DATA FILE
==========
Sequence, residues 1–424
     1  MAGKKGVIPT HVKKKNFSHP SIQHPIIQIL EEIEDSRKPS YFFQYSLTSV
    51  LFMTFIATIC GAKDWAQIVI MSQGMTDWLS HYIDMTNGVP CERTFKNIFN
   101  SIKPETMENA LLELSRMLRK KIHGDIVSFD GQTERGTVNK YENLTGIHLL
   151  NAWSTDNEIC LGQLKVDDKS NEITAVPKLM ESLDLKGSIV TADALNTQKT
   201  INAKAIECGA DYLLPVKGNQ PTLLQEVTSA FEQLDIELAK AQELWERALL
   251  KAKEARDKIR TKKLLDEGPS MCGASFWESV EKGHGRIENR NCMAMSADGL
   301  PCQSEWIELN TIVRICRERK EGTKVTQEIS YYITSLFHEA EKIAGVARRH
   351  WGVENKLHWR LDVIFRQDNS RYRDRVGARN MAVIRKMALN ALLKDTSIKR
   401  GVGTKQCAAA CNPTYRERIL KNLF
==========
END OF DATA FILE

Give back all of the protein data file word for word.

Sequence, residues 1–424
     1  MAGKKGVIPT HVKKKNFSHP SIQHPIIQIL EEIEDSRKPS YFFQYSLTSV
    51  LFMTFIATIC GAKDWAQIVI MSQGMTDWLS HYIDMTNGVP CERTFKNIFN
   101  SIKPETMENA LLELSRMLRK KIHGDIVSFD GQTERGTVNK YENLTGIHLL
   151  NAWSTDNEIC LGQLKVDDKS NEITAVPKLM ESLDLKGSIV TADALNTQKT
   201  INAKAIECGA DYLLPVKGNQ PTLLQEVTSA FEQLDIELAK AQELWERALL
   251  KAKEARDKIR TKKLLDEGPS MCGASFWESV EKGHGRIENR NCMAMSADGL
   301  PCQSEWIELN TIVRICRERK EGTKVTQEIS YYITSLFHEA EKIAGVARRH
   351  WGVENKLHWR LDVIFRQDNS RYRDRVGARN MAVIRKMALN ALLKDTSIKR
   401  GVGTKQCAAA CNPTYRERIL KNLF